- Lining Materials: The lining of your sleeping bag determines how comfortable the inside feels. It can also affect warmth. Natural and synthetic materials are used in sleeping bag linings.
- Nylon/Polyester: Nylon and polyester are among the most common materials used in sleeping bag linings. These materials are synthetic and tend to be soft. They also are easier to clean than delicate materials like silk.
- Flannel: Flannel is a soft, warm cotton that is durable and easy to clean. This material is ideal for sleeping bags used in colder climates.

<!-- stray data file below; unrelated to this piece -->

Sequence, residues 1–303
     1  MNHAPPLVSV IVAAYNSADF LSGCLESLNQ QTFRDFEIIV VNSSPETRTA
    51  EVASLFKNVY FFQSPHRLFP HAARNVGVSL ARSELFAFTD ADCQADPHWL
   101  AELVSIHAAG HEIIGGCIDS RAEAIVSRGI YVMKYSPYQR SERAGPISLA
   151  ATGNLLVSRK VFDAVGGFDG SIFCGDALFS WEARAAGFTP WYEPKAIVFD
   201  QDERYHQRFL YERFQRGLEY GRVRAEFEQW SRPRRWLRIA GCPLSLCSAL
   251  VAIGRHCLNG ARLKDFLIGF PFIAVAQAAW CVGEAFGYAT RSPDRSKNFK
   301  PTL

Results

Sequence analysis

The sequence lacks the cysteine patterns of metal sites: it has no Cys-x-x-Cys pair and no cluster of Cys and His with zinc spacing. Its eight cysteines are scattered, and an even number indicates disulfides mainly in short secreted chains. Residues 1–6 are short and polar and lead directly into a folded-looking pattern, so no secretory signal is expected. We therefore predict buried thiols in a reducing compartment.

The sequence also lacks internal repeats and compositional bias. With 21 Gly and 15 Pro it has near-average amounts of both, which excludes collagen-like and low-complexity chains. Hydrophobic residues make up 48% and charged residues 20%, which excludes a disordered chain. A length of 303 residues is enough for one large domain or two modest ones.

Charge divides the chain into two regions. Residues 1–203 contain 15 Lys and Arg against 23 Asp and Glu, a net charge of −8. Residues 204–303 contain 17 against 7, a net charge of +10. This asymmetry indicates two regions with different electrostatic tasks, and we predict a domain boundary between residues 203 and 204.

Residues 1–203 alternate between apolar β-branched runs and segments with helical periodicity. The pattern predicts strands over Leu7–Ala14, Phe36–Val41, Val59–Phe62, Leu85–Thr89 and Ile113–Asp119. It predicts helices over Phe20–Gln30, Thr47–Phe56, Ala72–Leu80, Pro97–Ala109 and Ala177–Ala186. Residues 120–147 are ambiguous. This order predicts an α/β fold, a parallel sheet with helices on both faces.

- Silk: Silk is a natural material that is especially soft. It is also breathable for added comfort. However, silk tends to be more expensive. Its delicate nature also makes it more susceptible to rips or tears and repairs are difficult.
- Fleece: Fleece is a furry-feeling option frequently made from lambswool or polyester. Its ability to retain heat makes this material ideal for colder months. It is soft and warm.